NK cells controlling virus-specific T cells: Rheostats for acute vs. persistent infections

Department of Pathology and Program for Immunology and Virology, University of Massachusetts Medical School, 55 Lake Avenue North, Worcester, MA 01655, USA. Electronic address: .
Virology (Impact Factor: 3.32). 01/2013; 435(1):37-45. DOI: 10.1016/j.virol.2012.10.005
Source: PubMed


Viral infections characteristically induce a cytokine-driven activated natural killer (NK) cell response that precedes an antigen-driven T cell response. These NK cells can restrain some but not all viral infections by attacking virus-infected cells and can thereby provide time for an effective T cell response to mobilize. Recent studies have revealed an additional immunoregulatory role for the NK cells, where they inhibit the size and functionality of the T cell response, regardless of whether the viruses are themselves sensitive to NK cells. This subsequent change in T cell dynamics can alter patterns of immunopathology and persistence and implicates NK cells as rheostat-like regulators of persistent infections.


Available from: Stephen N Waggoner
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    • "The priming of Th1 cells is crucial for the generation and expansion of cytotoxic T lymphocytes (CTLs) and survival of CD8 + memory T cells, which are in turn able to kill infected or cancer cells (Kennedy and Celis 2008). NK cells also serve an important role in regulating DCmediated adaptive immune responses (Kalinski and others 2005a; Marcenaro and others 2006; Welsh and Waggoner 2013). Classically, NK cells are not only involved in the direct early control of viral infections and tumor immunosurveillance (Smyth and others 2002; Andrews and others 2003; Lee and others 2007) but NK cells also indirectly provide help by interacting with DCs at the site of inflammation or in the lymph nodes (Moretta 2002). "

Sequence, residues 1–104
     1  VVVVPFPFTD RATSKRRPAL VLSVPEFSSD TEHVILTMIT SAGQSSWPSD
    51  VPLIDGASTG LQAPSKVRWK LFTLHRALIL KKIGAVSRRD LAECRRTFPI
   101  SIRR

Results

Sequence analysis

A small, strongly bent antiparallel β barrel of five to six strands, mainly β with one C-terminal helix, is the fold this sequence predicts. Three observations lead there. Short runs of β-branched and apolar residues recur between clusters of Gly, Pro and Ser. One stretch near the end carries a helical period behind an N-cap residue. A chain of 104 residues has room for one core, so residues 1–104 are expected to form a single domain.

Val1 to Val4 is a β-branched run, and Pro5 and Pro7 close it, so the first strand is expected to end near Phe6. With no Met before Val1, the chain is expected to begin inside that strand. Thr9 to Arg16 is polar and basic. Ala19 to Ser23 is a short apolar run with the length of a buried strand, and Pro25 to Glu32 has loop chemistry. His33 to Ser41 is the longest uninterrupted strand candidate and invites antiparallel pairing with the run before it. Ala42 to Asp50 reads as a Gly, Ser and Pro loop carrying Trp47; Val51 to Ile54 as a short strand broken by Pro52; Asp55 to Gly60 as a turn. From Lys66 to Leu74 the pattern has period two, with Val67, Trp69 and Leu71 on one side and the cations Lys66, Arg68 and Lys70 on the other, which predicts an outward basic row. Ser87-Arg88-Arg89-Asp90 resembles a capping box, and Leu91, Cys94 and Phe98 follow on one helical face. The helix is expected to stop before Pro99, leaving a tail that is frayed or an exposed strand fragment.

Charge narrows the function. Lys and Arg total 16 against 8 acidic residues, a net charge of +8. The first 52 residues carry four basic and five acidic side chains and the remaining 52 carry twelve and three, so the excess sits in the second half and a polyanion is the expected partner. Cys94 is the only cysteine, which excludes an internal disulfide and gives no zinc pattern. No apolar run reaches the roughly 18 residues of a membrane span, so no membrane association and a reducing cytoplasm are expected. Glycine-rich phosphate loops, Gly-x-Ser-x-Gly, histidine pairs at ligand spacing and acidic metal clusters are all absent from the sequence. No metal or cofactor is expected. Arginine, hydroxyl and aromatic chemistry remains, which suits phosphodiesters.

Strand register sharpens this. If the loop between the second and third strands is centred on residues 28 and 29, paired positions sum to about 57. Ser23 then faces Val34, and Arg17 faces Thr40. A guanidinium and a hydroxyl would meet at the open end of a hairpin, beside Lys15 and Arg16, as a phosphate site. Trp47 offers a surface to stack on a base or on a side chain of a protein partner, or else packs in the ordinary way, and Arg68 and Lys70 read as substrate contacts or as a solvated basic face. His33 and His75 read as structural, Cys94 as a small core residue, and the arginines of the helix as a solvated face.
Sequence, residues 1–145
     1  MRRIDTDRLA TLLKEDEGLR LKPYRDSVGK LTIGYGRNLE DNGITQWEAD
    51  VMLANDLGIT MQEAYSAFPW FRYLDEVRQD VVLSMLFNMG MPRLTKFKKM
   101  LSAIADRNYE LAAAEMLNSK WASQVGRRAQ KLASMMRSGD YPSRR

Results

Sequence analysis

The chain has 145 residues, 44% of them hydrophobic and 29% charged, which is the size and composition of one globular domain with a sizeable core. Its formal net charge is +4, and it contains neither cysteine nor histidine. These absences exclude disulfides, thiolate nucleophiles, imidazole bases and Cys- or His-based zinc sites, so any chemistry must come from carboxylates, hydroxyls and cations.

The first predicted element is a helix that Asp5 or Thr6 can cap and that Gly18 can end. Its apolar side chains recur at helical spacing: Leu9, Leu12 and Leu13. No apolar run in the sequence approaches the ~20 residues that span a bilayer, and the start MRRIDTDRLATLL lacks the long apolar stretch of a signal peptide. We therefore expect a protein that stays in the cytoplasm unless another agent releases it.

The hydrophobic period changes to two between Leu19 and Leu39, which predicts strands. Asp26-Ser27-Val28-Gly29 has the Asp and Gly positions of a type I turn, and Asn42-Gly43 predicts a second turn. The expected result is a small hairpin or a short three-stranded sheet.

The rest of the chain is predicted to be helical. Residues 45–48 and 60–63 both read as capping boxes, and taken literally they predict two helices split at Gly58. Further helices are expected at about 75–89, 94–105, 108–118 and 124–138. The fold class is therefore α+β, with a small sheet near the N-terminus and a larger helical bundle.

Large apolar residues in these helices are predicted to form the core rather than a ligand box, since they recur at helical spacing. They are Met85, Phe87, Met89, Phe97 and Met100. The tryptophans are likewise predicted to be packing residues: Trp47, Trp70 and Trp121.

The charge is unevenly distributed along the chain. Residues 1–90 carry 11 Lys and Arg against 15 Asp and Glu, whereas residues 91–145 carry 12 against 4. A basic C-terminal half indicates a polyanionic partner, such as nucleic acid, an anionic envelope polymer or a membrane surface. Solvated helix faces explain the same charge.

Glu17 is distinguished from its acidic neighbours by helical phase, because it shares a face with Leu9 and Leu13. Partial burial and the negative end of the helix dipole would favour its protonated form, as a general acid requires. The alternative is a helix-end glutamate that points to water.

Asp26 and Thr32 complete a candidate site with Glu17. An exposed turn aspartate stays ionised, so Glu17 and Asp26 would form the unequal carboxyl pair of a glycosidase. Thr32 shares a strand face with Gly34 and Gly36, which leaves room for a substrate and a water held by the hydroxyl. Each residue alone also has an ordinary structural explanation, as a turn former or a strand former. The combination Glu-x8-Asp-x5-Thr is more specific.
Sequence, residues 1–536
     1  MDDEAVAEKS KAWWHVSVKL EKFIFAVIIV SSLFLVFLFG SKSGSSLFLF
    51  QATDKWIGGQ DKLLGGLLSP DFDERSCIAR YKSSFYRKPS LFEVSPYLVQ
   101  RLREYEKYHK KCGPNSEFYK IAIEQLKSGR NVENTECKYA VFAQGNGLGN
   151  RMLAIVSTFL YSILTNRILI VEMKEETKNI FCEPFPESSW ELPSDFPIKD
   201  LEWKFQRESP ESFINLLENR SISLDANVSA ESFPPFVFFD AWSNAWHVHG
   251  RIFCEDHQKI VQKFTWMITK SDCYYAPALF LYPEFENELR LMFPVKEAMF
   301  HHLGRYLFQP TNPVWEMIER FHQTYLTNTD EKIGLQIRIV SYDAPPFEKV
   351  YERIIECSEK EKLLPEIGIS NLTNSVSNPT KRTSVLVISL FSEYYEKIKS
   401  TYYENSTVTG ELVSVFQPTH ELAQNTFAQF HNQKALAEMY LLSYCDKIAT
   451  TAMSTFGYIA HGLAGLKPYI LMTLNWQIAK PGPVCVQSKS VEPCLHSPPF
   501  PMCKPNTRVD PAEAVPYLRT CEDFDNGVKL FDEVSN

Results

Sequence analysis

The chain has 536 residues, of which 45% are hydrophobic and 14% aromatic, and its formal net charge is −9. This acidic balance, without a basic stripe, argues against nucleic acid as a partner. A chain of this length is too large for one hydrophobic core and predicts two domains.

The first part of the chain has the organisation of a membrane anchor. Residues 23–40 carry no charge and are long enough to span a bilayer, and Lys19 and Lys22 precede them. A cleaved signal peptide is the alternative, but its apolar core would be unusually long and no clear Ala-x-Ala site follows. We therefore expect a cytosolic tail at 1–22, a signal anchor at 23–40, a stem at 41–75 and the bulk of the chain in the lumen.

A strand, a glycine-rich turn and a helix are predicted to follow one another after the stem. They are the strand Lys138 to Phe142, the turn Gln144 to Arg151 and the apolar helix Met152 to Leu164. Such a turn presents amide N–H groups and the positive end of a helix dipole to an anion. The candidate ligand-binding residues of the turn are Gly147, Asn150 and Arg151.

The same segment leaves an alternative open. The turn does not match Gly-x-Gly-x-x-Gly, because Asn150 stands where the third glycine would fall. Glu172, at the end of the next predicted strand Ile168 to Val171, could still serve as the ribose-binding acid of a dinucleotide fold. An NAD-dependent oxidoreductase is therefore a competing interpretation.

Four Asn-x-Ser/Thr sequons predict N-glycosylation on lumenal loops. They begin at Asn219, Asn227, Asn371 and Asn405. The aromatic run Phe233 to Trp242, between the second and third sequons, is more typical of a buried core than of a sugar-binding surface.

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    • "Natural killer (NK) cells are a subset of innate lymphoid cells that function as early controllers of viral infections (Welsh and Waggoner, 2013). Recently the roles of NK cells in restricting the induction of adaptive anti-viral T cell responses and abetting the development of exhaustion have been highlighted (Fig. 2). "
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    Virology 01/2015; 361. DOI:10.1016/j.virol.2014.12.033 · 3.32 Impact Factor
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